Self-care that fails to address the full dimension of individual healing simply isn’t enough.
Self-care honestly gets a bad rep. There is a time for action and a time for rest, and our bodies and spirits need the balance of both to work their best. And while there’s a space for self-care that incorporates face masks and bubble baths, the issue becomes apparent when self-care is only centered on addressing our appearances, rather than what truly plagues us below the surface.
With self-care becoming more widely known, it’s important that we understand the necessity of incorporating self-care that dives beyond the surface. Self-care that fails to address the full dimension of individual healing simply isn’t enough.
We know that self-care is important because, like other living things, we need to take care of ourselves before we can care for others. Marginalized people especially tire ourselves out, each day, by overextending ourselves out of necessity and survival. Running on fumes is normalized. And when so many of us commit the invaluable parts of ourselves to causes that go bigger than ourselves, we have to learn how to better prioritize our revitalization.
But self-care as we know it seems to be misdirected. Its purpose doesn’t come from simply feeling better at the moment, but in helping to normalize self-healing. Self-care is an important tool that teaches us what long-term self-focused healing can look like, but exactly what does that mean?
This can be hard for many of us to visualize because culturally, self-care barely scratches the surface of what longterm self-healing looks like for many of us. In fact, many of us have no idea what healing we even need. But the question really becomes, how do we go beyond the introduction of self-care? The problem (and criticism behind) mainstream ideas of self-care come from the fact that they only skim the surface. How do we incorporate self-care that dives into the root of the problem, by addressing the increasing need for self-repair and self-healing? What shape do these actions take when we as individuals don’t have access to the tools, knowledge, or spaces that capitalist-centered self-care narratives say that we do in order for our self-care to be “legitimized”?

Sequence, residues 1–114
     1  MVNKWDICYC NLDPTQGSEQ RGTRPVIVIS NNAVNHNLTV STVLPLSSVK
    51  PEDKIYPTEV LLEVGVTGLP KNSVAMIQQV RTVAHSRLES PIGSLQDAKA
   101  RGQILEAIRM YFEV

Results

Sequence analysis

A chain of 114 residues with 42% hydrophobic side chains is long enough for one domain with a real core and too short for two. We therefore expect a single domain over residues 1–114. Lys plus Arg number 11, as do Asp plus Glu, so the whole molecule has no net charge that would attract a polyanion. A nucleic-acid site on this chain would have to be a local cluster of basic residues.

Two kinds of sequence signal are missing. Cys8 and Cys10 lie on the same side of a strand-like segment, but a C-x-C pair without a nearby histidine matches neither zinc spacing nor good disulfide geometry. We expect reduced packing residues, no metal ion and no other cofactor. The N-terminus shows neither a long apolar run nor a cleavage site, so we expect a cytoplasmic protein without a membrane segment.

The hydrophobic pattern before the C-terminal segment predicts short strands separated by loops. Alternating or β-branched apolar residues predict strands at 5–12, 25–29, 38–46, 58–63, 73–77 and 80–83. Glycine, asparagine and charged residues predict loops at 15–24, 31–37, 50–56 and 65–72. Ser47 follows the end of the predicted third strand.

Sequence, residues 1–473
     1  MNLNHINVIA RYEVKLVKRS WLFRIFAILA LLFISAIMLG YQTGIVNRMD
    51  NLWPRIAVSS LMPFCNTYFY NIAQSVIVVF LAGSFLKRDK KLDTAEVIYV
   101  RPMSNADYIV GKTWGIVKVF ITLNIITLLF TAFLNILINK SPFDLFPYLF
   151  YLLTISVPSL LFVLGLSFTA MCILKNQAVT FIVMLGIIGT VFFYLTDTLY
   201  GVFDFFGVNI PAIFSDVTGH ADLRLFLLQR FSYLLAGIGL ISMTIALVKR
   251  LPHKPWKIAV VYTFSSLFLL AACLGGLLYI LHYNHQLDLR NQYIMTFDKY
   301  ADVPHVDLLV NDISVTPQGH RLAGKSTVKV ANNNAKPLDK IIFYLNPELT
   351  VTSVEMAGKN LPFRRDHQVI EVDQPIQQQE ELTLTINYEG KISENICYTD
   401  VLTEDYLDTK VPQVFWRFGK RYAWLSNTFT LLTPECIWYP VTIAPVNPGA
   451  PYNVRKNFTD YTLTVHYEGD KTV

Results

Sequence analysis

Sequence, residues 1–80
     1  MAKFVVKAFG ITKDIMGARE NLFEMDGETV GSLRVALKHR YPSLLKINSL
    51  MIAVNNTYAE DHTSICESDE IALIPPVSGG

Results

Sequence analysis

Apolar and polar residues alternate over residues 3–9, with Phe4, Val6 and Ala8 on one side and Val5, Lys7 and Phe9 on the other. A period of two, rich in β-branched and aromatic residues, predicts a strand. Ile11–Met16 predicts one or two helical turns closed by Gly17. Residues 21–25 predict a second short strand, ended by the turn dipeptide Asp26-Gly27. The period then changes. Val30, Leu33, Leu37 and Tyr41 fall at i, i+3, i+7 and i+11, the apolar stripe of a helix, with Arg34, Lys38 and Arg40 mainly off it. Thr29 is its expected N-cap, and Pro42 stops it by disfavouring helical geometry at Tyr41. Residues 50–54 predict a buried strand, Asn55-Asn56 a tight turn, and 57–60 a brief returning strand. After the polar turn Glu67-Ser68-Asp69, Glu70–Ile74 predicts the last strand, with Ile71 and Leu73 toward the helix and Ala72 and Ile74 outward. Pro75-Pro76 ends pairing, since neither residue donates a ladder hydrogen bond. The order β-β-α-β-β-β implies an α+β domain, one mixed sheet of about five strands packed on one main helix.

In short, self-care that rejuvenates our self-healing has to address the core of what is causing our emotional disparity. First, we have to address what is in need of healing. We have to become accustomed to routinely checking in with ourselves — how are we feeling physically, emotionally, in the different aspects of our lives. How do we wish to be feelings in these areas of our lives?
Another important thing to know about yourself is to be aware of how you, individually, find yourself feeling recharged and refreshed? For some, it comes from spending time alone, reading books and spending time offline to listen to their inner voices. For others, its spending time with loved ones, and it is through the energy of others that they find themselves. Understanding the ways that you recharge and reenergize can give you a better understanding of the self-care activities that will truly sustain you.
Self-care rituals can really embody anything the help you to push past your current feelings and set you along the path of feeling rejuvenated and revived. Don’t feel that you have to limit yourself to just to stereotypical self-care activities — journaling, yoga, meditation, and taking a cleansing bath may not work for you, and that’s okay. Whether you recenter yourself through meal-prepping for your family or working on a project that you’re passionate about — any activity that you enjoy for yourself that helps you to refocus your energies and find yourself again is legitimate self-care.
In the end, self-care is underrated because it has so much potential to help us to better understand ourselves and what we hold important. Our inner health and self-alignment to centering that, even when life gets the better of us, are paramount; self-care is only a tool that helps us to fight against that. With self-care, we are asserting that our self-value and health is important, that our well-being is just as important as our commitment to service and making the world a better place, for ourselves and others. It’s time that we take self-care a little more seriously, and begin to truly utilize its potential.